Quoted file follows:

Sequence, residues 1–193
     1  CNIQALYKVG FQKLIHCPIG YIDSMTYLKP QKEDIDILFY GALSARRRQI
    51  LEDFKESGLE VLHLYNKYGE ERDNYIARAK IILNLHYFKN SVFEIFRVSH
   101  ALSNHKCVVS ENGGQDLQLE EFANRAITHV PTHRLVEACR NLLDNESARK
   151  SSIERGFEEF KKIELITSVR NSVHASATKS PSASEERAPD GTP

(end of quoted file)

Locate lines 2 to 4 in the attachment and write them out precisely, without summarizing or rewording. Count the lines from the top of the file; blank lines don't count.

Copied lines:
     1  CNIQALYKVG FQKLIHCPIG YIDSMTYLKP QKEDIDILFY GALSARRRQI
    51  LEDFKESGLE VLHLYNKYGE ERDNYIARAK IILNLHYFKN SVFEIFRVSH
   101  ALSNHKCVVS ENGGQDLQLE EFANRAITHV PTHRLVEACR NLLDNESARK